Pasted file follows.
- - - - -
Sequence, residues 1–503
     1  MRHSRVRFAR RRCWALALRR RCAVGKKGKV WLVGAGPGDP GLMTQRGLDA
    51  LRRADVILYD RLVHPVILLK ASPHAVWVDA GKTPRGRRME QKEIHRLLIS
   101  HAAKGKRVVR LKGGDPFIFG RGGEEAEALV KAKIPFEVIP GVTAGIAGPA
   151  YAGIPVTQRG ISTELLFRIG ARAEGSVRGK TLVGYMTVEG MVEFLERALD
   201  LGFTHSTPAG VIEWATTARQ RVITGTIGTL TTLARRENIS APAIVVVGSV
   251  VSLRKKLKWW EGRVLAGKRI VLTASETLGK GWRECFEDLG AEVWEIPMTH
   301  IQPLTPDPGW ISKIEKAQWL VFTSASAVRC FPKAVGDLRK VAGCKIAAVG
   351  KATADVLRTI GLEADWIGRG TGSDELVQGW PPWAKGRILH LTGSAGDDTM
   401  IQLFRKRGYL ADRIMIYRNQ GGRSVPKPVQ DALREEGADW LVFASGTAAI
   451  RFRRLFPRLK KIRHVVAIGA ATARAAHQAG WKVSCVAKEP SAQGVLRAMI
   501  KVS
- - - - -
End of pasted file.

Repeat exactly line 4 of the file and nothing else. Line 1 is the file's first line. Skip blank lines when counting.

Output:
   101  HAAKGKRVVR LKGGDPFIFG RGGEEAEALV KAKIPFEVIP GVTAGIAGPA